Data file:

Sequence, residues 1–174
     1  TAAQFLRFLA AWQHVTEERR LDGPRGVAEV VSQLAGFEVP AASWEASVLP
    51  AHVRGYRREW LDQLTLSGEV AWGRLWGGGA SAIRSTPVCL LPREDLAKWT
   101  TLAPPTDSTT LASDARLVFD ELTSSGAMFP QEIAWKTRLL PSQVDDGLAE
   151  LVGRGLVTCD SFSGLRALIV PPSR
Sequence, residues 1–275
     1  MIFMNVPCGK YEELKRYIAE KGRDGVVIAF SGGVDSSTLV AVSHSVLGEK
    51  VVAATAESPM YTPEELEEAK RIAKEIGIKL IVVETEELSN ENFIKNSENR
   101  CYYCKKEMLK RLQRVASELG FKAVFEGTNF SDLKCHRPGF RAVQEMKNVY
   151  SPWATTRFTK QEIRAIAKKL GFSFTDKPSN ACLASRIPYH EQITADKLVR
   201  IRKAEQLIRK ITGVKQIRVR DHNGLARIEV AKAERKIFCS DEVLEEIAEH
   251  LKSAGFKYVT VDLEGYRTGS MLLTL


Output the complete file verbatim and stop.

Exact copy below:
Sequence, residues 1–174
     1  TAAQFLRFLA AWQHVTEERR LDGPRGVAEV VSQLAGFEVP AASWEASVLP
    51  AHVRGYRREW LDQLTLSGEV AWGRLWGGGA SAIRSTPVCL LPREDLAKWT
   101  TLAPPTDSTT LASDARLVFD ELTSSGAMFP QEIAWKTRLL PSQVDDGLAE
   151  LVGRGLVTCD SFSGLRALIV PPSR
Sequence, residues 1–275
     1  MIFMNVPCGK YEELKRYIAE KGRDGVVIAF SGGVDSSTLV AVSHSVLGEK
    51  VVAATAESPM YTPEELEEAK RIAKEIGIKL IVVETEELSN ENFIKNSENR
   101  CYYCKKEMLK RLQRVASELG FKAVFEGTNF SDLKCHRPGF RAVQEMKNVY
   151  SPWATTRFTK QEIRAIAKKL GFSFTDKPSN ACLASRIPYH EQITADKLVR
   201  IRKAEQLIRK ITGVKQIRVR DHNGLARIEV AKAERKIFCS DEVLEEIAEH
   251  LKSAGFKYVT VDLEGYRTGS MLLTL